Tell me about the food culture in San Jose and the appetite for American baked goods. Are native Costa Ricans well-exposed to American sweets? Or is it an up-and-coming trend?
There’s a lot of US influence in Costa Rica. Many middle-upper and upper class “ticos” travel frequently to North America or live there for a period while studying or working, so many people are exposed to the kind of stuff I’m baking, but your common bakery here doesn’t offer any of those products, so the market is good and fairly wide open.
What are the challenges and alternately, the benefits, of baking American treats abroad?
The first (and most frustrating) challenge is that there are so many things that are IMPOSSIBLE to find here (like lemons, fresh berries and molasses), while other things are prohibitively expensive (like maple syrup, pecans, pistachios, certain dried fruits and equipment). By the way, if any of your readers are coming down, let me know and I’ll send them a shopping list!
The benefits are that it’s easy to find a niche and be unique. I’m also able to start this up without formalizing anything legally (I’ll probably get a visit from the health department tomorrow though, now that I mentioned that).
Are there any Costa Rican ingredients you think American cooks or bakers should add to their pantries?
I would say the most important Costa Rican ingredient you can have in your pantry would be Costa Rican coffee. It gives you that extra boost of energy to start your day, is the perfect accompaniment for any baked item and just a little bit of leftover coffee dumped into any chocolate-based recipe accentuates that chocolate flavor even more.
Shawn’s recipe for banana bread gets its flavor from cinnamon and nutmeg, which he likes to grind fresh. Bananas are one of Costa Rica’s main exports, and he says they are far more flavorful than the ones we get in the U.S., which are picked green for shipping. I especially love the long slice of banana on top. It’s a very sophisticated touch on an old favorite.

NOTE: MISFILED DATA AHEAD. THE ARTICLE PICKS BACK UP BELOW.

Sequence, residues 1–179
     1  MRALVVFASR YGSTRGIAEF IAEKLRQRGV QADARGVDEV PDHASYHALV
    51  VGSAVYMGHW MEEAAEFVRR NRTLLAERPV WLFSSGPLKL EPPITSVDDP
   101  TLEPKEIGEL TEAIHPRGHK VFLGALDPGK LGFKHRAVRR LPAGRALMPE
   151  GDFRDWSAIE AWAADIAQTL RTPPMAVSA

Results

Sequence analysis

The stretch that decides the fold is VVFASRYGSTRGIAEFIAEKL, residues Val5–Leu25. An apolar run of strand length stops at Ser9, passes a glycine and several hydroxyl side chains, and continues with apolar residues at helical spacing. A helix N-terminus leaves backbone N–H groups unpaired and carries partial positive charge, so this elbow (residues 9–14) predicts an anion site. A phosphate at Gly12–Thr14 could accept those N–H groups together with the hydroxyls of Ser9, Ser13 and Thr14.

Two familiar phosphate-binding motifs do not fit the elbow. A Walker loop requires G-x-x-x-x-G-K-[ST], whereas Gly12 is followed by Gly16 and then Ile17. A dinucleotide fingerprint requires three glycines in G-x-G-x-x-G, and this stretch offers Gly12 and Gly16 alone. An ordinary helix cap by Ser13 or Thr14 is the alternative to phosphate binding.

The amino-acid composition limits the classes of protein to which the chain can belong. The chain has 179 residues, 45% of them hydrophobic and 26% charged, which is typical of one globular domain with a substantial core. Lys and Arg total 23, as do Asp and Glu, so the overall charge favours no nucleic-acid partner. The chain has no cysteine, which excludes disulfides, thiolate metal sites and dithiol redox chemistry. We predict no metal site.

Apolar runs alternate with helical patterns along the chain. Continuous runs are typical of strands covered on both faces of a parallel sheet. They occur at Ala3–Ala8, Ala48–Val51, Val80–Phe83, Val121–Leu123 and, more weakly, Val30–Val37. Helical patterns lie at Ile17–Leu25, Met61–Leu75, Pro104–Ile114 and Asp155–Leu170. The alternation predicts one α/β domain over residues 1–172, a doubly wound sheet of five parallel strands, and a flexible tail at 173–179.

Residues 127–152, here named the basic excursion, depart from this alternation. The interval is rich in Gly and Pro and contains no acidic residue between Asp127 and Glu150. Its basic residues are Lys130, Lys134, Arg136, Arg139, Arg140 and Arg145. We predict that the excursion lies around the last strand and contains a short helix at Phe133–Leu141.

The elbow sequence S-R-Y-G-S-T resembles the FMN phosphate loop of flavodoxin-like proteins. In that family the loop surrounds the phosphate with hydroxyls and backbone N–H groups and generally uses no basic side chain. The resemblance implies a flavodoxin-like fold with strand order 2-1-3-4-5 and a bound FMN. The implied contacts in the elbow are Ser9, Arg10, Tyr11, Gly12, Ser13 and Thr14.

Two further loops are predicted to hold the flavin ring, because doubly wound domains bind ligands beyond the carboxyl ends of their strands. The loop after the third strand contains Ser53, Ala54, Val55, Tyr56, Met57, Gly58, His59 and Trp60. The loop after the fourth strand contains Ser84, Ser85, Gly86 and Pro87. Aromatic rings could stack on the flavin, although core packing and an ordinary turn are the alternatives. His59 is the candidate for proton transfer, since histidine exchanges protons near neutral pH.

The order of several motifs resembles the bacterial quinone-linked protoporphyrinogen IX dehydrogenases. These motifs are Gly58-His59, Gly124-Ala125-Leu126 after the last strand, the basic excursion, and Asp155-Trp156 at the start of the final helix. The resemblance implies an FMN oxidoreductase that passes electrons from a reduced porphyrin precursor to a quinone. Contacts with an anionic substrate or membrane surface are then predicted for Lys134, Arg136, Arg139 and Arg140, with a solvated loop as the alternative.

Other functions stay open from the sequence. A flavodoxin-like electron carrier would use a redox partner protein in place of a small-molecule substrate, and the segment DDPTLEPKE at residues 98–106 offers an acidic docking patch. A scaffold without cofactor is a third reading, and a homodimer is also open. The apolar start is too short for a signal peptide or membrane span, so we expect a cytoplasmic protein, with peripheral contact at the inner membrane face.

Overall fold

Banana Bread Instructions
- 2 cups all-purpose flour
- 1 tsp baking soda
- 1/4 tsp salt
- 1 tsp cinnamon
- 1/4 tsp ground ginger
- 1/4 tsp nutmeg
- 1 stick (1/2 cup) of unsalted butter
- 1/2 to 3/4 cup of brown sugar (depending on how sweet your bananas are)
- 2 eggs, beaten
- 2 1/3 cups of overripe bananas that have been mashed
- 1/2 cup of semi-sweet (or dark) chocolate, chopped or in chips
- 1/2 cup of lightly toasted walnuts
- Preheat oven to 350º (400º if you do muffins) and grease loaf pan.
- Mix all the dry ingredients together in a medium bowl. Then, cream the sugar and butter in a large bowl.
- Mix in the eggs and mashed banana just until all is well incorporated, then fold in the chocolate and nuts.
- Pour batter into prepared loaf or muffin pan. I like to fill my muffin tins all the way to the top so they get those big, fat muffin tops. Top with a thin slice of banana, sliced lengthwise, and a sprinkling of extra nuts and chocolate.
- If loaf, bake for 60 to 70 minutes, or until toothpick comes out clean. If muffins, bake for 25-30 minutes, or until toothpick comes out clean. Remove from oven and let cool in pan for 10 minutes and then turn out onto rack to continue cooling.
Thanks for reading!